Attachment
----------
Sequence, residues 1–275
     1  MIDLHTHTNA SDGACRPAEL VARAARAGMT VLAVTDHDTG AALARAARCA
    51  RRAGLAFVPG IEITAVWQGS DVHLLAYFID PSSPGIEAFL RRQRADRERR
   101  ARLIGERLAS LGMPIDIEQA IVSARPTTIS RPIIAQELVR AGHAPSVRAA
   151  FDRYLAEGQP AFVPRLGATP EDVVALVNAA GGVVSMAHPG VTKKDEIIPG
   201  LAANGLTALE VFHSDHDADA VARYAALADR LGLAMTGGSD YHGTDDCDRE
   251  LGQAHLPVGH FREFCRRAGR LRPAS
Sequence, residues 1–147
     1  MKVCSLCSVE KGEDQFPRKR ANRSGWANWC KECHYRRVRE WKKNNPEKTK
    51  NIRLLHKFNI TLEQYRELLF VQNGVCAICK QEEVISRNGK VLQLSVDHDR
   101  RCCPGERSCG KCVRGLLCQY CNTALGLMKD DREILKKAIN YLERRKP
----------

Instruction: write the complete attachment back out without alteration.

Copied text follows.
Sequence, residues 1–275
     1  MIDLHTHTNA SDGACRPAEL VARAARAGMT VLAVTDHDTG AALARAARCA
    51  RRAGLAFVPG IEITAVWQGS DVHLLAYFID PSSPGIEAFL RRQRADRERR
   101  ARLIGERLAS LGMPIDIEQA IVSARPTTIS RPIIAQELVR AGHAPSVRAA
   151  FDRYLAEGQP AFVPRLGATP EDVVALVNAA GGVVSMAHPG VTKKDEIIPG
   201  LAANGLTALE VFHSDHDADA VARYAALADR LGLAMTGGSD YHGTDDCDRE
   251  LGQAHLPVGH FREFCRRAGR LRPAS
Sequence, residues 1–147
     1  MKVCSLCSVE KGEDQFPRKR ANRSGWANWC KECHYRRVRE WKKNNPEKTK
    51  NIRLLHKFNI TLEQYRELLF VQNGVCAICK QEEVISRNGK VLQLSVDHDR
   101  RCCPGERSCG KCVRGLLCQY CNTALGLMKD DREILKKAIN YLERRKP